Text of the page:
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News: Japan
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Remnants of a moat uncovered at the Koyamada ruins are covered by stones for about 50 metres. Photo Credit: Asahi Shimbun/TANN.
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by Archaeology Newsroom

Jumble of stones found in Japan dig were a burial mound

The size indicates it was the grave of an emperor

Researchers in Japan have established that a pile of stones found 3 years ago is a burial mound, probably the grave of an emperor.

The mound dates to the mid-17th century and it is square. At the site it was found archaeologists had discovered a section of outer moat with boulders lined along one of its slopes. The site is quite large with only a small portion of it excavated, and the mound itself is estimated to initially have measured 70 metres on each side. This has led researchers to the assumption that it was almost certainly an emperor who was buried there. Researchers speculate that the emperor was Jomei, father to two more famous emperors, Tenji and Tenmu, or Soga no Emishi, another significant figure.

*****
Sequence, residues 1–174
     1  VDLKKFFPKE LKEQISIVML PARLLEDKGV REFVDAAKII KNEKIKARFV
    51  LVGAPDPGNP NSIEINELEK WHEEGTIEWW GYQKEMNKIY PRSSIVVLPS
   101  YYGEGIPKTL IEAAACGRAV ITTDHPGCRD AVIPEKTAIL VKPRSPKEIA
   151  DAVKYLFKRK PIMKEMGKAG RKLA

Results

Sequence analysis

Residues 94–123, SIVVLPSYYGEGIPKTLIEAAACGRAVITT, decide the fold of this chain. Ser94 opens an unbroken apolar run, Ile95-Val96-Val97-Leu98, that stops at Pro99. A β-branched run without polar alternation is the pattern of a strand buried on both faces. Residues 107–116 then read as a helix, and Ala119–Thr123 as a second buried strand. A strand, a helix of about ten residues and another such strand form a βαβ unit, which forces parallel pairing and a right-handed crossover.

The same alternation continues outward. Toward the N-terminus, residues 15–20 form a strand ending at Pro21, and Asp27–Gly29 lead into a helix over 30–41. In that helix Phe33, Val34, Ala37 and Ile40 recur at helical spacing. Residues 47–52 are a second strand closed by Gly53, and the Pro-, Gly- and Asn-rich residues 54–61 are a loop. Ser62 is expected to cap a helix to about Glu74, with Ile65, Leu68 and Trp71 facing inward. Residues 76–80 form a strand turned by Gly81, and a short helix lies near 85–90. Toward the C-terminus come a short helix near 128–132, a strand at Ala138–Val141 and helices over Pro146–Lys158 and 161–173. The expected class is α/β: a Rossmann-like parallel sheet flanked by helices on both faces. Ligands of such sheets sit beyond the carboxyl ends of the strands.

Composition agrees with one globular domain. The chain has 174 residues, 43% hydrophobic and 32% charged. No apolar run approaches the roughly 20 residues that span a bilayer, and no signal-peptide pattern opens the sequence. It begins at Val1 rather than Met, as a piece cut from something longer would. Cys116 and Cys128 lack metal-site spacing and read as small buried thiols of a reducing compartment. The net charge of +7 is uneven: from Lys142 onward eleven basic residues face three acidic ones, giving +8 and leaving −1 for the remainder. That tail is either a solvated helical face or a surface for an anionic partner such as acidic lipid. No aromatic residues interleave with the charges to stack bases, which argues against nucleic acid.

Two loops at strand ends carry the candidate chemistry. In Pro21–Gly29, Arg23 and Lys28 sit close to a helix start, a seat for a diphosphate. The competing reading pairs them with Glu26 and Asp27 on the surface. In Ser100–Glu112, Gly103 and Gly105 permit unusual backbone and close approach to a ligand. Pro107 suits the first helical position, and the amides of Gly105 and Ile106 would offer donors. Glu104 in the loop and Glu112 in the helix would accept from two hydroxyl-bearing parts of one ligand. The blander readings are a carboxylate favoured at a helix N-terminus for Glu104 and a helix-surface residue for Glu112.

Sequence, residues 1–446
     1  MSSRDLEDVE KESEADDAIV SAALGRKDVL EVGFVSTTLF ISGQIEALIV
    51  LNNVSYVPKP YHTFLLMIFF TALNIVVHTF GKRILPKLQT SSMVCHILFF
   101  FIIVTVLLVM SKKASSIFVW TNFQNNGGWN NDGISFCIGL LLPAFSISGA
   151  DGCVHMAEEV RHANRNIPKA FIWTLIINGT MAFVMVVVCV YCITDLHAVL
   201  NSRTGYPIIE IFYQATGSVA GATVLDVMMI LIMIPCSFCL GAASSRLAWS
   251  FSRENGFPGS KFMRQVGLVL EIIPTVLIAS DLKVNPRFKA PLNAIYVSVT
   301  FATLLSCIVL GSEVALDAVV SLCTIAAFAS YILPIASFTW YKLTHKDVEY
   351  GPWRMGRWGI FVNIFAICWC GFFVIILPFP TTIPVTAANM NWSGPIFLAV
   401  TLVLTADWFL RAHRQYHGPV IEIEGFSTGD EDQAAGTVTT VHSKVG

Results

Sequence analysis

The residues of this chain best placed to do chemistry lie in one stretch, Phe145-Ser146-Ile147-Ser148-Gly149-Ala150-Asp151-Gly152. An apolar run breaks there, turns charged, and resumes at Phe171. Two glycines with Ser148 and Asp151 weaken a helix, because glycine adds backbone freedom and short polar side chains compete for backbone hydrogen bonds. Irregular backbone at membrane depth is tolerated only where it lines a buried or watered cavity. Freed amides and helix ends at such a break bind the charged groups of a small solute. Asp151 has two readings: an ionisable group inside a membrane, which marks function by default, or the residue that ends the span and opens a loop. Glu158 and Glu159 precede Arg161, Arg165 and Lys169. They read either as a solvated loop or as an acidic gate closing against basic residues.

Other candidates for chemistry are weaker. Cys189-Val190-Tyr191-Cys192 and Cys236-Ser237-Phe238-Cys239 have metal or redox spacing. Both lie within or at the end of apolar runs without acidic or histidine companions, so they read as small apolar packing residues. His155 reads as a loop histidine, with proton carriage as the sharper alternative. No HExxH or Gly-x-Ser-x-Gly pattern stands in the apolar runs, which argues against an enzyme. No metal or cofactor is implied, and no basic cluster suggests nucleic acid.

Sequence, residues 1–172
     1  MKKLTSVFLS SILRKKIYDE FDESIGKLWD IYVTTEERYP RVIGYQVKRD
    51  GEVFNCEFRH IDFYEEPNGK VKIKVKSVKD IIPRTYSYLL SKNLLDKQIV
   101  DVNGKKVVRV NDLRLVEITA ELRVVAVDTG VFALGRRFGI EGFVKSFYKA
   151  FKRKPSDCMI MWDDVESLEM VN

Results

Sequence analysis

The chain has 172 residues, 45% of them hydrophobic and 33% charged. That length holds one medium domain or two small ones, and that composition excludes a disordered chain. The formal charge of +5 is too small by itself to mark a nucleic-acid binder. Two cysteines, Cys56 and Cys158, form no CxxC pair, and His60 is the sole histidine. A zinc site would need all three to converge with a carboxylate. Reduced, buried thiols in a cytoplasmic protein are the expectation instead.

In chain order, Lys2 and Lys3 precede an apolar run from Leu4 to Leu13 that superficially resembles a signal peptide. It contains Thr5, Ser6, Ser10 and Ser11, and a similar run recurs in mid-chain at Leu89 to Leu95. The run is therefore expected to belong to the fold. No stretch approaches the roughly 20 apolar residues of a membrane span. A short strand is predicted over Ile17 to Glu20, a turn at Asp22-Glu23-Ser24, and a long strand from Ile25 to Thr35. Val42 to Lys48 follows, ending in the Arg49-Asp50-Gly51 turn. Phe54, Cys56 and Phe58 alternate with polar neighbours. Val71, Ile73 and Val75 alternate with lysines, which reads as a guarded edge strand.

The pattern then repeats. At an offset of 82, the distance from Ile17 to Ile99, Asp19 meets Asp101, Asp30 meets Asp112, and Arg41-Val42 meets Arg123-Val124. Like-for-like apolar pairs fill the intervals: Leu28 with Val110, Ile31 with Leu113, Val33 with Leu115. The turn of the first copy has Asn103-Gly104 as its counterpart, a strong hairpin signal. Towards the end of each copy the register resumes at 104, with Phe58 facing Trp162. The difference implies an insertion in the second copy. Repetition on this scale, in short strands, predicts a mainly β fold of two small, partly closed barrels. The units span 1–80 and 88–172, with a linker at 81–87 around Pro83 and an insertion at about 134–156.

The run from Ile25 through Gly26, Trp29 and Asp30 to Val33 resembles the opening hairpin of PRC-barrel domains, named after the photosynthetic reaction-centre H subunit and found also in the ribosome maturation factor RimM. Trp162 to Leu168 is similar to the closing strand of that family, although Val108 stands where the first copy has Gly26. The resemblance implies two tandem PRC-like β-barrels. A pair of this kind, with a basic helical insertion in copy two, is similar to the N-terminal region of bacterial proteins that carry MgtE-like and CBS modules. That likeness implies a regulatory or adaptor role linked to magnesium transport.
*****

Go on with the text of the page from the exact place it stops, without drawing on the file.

The excavation took place in an area 65 metres south of the moat. They have not uncovered the entire mound yet, but the distance between the remains of the side walls of the passage, leading to the underground stone chamber, and the area where the stones were removed from to build the structure indicates that the passage was 2.6 metres wide.

The announcement of the discovery was made by researchers at the Archaeological Institute of Kashihara, at the Nara Prefecture on March 1.

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